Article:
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World War II veteran, Pearl Harbor survivor honored on 99th birthday

USS Nevada survivor Geb Galle, shown here during a Pearl Harbor commemoration ceremony in 2016, celebrated his 99th birthday this week in Moses Lake, Wash.

JARED E. WALKER/U.S. NAVY

By CHERYL SCHWEIZER | Columbia Basin Herald | Published: July 22, 2020

MOSES LAKE, Wash. — Geb Galle didn’t see it himself — he was two decks below at his battle station — but most of the eyewitnesses said it seemed like every Japanese plane over Pearl Harbor drew a bead on the USS Nevada.

It was about 8:45 a.m., Dec. 7, 1941.

Galle, veteran of the Pearl Harbor attack, whose second ship was sunk off the waters of Guadalcanal, who fought in nearly every major engagement in the Pacific in World War II, turned 99 years old Monday. Family and friends came up with a surprise for his birthday that made him tear up.

Dec. 7 was just another Sunday morning, Galle said, and he was waiting belowdecks for the launch that would take sailors to shore for church services. All of a sudden some of his shipmates came running in, saying something was going on — there were explosions and unfamiliar planes over the harbor.

Galle stuck his head out the porthole to see what was up, he said. He saw planes overhead but he couldn’t see their insignia. But what was happening became clear all too soon.

Nevada was at one end of the line of battleships moored off Ford Island, known as Battleship Row. She was tied up directly in front of the USS Arizona. Alone of all the vessels on Battleship Row, Nevada had power and nothing in her way. Her crew was not about to just sit there.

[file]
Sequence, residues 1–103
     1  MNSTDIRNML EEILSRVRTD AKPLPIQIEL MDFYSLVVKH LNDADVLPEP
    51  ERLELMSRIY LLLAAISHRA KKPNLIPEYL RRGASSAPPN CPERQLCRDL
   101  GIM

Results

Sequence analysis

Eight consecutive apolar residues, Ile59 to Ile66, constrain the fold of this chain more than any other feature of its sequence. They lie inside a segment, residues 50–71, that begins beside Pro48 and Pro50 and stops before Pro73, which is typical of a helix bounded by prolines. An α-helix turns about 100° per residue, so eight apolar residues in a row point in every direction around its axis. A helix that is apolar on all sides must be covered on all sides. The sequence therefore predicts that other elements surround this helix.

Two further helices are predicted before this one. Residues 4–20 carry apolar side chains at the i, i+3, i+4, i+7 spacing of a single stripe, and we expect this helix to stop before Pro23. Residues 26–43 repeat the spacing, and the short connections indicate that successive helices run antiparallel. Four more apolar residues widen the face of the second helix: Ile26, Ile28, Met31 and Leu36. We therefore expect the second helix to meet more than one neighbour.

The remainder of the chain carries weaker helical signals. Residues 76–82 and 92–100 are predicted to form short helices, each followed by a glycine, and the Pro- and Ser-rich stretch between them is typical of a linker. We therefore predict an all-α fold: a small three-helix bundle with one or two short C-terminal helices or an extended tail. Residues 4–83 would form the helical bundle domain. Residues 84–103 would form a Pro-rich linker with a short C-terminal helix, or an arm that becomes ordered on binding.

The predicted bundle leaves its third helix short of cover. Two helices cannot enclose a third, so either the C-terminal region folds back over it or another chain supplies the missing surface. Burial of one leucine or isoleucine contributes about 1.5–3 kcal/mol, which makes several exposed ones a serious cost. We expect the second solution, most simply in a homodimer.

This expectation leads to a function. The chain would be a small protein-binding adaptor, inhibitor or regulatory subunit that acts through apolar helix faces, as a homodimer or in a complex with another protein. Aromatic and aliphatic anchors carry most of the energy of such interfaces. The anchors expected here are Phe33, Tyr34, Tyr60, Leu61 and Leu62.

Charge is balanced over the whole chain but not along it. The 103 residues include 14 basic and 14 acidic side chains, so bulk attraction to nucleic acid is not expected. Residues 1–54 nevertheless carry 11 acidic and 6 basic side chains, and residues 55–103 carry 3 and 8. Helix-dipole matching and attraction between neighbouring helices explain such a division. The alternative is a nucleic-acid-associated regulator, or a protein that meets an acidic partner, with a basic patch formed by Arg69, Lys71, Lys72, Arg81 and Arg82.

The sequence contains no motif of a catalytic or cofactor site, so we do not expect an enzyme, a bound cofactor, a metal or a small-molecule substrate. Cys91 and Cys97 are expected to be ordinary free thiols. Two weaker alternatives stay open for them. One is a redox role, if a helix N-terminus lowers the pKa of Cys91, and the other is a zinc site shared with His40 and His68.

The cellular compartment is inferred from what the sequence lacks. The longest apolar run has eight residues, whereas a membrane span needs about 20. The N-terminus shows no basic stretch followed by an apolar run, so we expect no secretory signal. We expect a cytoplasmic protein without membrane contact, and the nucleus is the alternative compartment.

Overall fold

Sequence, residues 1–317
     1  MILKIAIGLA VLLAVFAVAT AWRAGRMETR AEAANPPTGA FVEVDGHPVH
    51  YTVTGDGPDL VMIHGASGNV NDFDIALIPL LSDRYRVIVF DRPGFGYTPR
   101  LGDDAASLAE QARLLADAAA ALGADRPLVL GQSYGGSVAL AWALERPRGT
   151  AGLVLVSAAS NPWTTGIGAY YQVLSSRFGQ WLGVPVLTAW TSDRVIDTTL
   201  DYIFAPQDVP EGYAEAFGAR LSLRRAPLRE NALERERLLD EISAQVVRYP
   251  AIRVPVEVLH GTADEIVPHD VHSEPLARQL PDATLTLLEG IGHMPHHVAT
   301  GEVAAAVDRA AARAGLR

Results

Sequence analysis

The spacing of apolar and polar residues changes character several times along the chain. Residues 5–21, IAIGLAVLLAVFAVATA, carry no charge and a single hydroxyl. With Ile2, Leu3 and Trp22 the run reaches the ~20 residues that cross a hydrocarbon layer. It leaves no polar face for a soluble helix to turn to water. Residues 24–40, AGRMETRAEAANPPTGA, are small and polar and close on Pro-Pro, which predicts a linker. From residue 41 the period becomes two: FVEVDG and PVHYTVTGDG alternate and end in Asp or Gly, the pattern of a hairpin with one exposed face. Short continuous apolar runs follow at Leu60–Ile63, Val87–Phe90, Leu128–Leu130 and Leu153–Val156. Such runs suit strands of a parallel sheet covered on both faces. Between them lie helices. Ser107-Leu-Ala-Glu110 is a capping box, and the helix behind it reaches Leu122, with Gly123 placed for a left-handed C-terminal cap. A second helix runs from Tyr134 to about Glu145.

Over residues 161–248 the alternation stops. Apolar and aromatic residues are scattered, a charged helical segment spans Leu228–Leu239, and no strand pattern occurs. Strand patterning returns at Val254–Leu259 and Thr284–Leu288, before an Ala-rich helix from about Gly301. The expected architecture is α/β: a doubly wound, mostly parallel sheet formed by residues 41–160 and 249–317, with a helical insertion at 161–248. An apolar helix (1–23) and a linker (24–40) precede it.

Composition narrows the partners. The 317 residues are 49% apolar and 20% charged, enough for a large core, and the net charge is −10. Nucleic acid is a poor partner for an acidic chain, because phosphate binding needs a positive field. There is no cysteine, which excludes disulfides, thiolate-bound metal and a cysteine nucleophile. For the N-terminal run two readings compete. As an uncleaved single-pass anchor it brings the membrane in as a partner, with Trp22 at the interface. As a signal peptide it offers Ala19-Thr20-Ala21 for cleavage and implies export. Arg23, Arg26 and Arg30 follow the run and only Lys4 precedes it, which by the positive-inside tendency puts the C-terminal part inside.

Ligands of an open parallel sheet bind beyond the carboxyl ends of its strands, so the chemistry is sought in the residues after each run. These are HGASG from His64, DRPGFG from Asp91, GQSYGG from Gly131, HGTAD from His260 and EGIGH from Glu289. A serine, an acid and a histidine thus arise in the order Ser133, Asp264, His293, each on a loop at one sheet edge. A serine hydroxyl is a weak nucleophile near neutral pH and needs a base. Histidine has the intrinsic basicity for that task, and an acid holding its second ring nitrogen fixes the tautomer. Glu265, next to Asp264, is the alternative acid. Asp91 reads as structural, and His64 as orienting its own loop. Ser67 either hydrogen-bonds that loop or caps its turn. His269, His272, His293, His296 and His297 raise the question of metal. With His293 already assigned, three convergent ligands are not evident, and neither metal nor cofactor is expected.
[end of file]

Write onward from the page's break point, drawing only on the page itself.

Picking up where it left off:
Galle was in the engineering section, and at his battle station it was hard to know what was going on outside, he said. “Of course, we felt a couple jolts, and that’s when we got hit with the torpedo, and we had a few bomb hits.”

As Nevada headed across the harbor the attackers went right for her. Somebody eventually counted all the hits she took — one torpedo and at least six bombs. Her crew was ordered to beach her near the harbor entrance, and they reluctantly complied.

The spot where the Nevada came to rest is memorialized with a plaque on a nearby rock, installed during the 75th anniversary commemoration of the attack. “I had the honor of placing that plaque on that rock,” Galle said.

Only later, when he was released from his battle station, did Galle really get a chance to look at the harbor. “After we were beached and everything, and we got up to topside, then we saw all the mess that took place.”

He remembered the sight of USS Oklahoma, which had capsized, and the remains of the Arizona, which had blown up. “A pretty sad lookout,” he said.

Nevada required extensive repairs and wouldn’t need a full crew for a while. Her sailors were needed for other jobs, however.

“They took a lot of the guys off the battleships and distributed them among the other ships,” Galle said. “A week or so later I was transferred to a heavy cruiser, the Northampton.”

The USS Northampton was an escort, traveling with the aircraft carriers. Galle was in the task force when James Dolittle and his raiders launched their attack on Japan.

Like most ships in the Pacific fleet, the Northampton was sucked into the battles that swirled around the island of Guadalcanal in the fall of 1942. It was there that the Northampton met her end, and Galle made a choice that, he said, could’ve gotten him court-martialed and shot.

The Northampton was torpedoed during the Battle of Tassafaronga and began taking on water. As the ship struggled, Galle said he heard somebody pounding on a hatch.